I'm not an expert, but I'mma give these a shot.
What really happened to the Major? Why did he return in a pilot's outfit?
** |---> He's in the airforce? Something like the prophets in DS9? **
**wherever he was understood him as he appears, a pilot, and adventurer **
(the clothes are of a bygone era, early pilots...)
Read "The Secret History of Twin Peaks." If you're okay with spoilers, Briggs is working for a secret government installation that's looking for extraterrestrials which is based in the ookiness of Twin Peaks. He is the author of the latter half of the book and its compiler.
Project Bluebook? Does this imply that the lodges are extra
terrestrial in nature? What would it even mean for them NOT to be extra
terrestrial? Or, perhaps what the military thought was extra terrestrial
communications/ UFOs, etc., were actually manifestations of the lodges,
or powers/presences similar to them and their inhabitants
Based on the above book, I'd say the latter.
Why are Garlin Briggs and Bobby Briggs so important? Are they able to
see something that others cannot? are they protected or shielded
somehow? Bobby seemed to "see" something of what was happening to Laura,
and he reacts to events like [Laura's cousin]'s death, despite not
being present or even having a relationship with her (though to be fair
other people react to her death as well, Donna starts crying, although
it could be a coincidence).
Garland is the "Man on the Wall" as it were and is knowledgeable about the supernatural goings on around town. Whatever special nature made him open to being abducted and having prophetic dreams a la Coop might be genetic in nature, perhaps? I feel like, though, Bobby's reaction is more indicative of just the weirdness of the Twin Peaks area.
The Major knows things, but can't or won't say what, he remains
guarded in every interaction. Presumably he is a good military man, but
perhaps there is another reason why he is so guarded?
See the book.
What brought Laura and Bobby together in the first place? Their
connection is clearly intense, did they know why? did he? was she using
him or was he a willing participant?
Bobby was a bad boy and Laura wanted to be bad, possibly influenced by BOB. She was using him. She was using everyone and being used herself. See "Fire Walk With Me."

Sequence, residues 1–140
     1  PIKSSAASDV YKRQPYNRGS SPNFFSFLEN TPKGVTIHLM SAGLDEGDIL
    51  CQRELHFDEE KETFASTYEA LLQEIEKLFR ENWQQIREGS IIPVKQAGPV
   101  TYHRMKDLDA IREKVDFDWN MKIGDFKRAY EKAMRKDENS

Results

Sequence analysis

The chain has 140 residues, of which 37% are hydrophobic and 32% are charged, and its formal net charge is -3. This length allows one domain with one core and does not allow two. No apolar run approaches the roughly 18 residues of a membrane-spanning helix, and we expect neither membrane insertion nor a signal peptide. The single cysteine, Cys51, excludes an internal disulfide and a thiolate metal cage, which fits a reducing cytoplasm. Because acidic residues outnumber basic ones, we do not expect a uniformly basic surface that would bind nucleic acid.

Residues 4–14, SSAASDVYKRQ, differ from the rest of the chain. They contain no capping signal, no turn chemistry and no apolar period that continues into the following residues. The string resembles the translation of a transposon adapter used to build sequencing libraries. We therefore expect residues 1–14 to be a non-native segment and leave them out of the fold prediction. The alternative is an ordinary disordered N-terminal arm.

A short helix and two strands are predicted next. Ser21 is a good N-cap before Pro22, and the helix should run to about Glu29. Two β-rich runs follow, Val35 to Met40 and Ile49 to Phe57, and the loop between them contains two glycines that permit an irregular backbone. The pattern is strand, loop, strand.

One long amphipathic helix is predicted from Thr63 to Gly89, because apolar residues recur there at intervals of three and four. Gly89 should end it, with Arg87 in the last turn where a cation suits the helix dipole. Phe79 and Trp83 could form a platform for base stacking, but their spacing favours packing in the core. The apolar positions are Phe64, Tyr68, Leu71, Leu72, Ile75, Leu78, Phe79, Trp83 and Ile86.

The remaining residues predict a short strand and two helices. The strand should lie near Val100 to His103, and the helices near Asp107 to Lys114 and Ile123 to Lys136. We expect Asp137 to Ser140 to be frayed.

How much chaos has evil Coop caused? or is it a quieter, more
sinister campaign of evil? what state do we find him in? what do people
think of him? has he maintained the facade? is it like it was with
Leland? Will Coop survive if Bob leaves? Or is he completely trapped in
the velvet room/black lodge? Did he sacrifice himself, or was he really
tricked? How has time passed for him? Is he angry? sad? what will he do
when he comes back? can he defeat Bob? if he does will it be here, in
the physical world, or in the realm of the lodges?
The only hint of post-finale Coop is in the book. He and Briggs meet after the doppelCoop returns from the Lodge. Briggs was going to bring him in as his successor but was discomforted by the meeting - presumably because he's possessed by an evil spirit. Cooper later leaves Twin Peaks and everything else is classified via the FBI. Hopefully the new show heavily deals with all of this.
AUDREY Horne - is she still sad?
log lady, what's her deal, didn't the log have something to tell Coop
that he never got a chance to hear? Is the log her husband (he died in a
fire, which they kinda make a big deal of)?
Man, you should REALLY read that book! Margaret Lanterman was abducted as a little girl - presumably by aliens, though possibly by the Lodges - and returned with a marking not unlike what Briggs had after his abduction. Since that time, she had a connection the spirits that surround the town. When her husband died, she cut a log from a fir that had fallen during the fire. Unknown if he husband''s spirit is, like, legit in the log but I mean Josie's in a drawer knob so...
Is the White Lodge heaven?
I don't think so. Any more than the Black Lodge is Hell.
Is Ben Horne the control for Leland? Is his breakdown because of what
happened at One-Eyed Jack's with Audrey? Is this supposed to be
areflection of what happens to Leland when Bob leaves him? Or are these
eddies left in the wake of Leland? Or is it simply random?
I'm not sure I understand this one.
What was the point of James? Does he have a place in Twin Peaks? he
seems so stereotypically American, independent; does he make himself an
outsider? is it that he needs to be othered, or is he supposed to be an
The show is steeped in Americana. James is James Dean, obviously, but writ as he truly is: kind of pathetic. I don't know if that was Lynch's intention, mind you, but just what I got from the character. His point is to represent what a "good guy" should be as far as the teen characters go, but he's not the hero. That's Donna.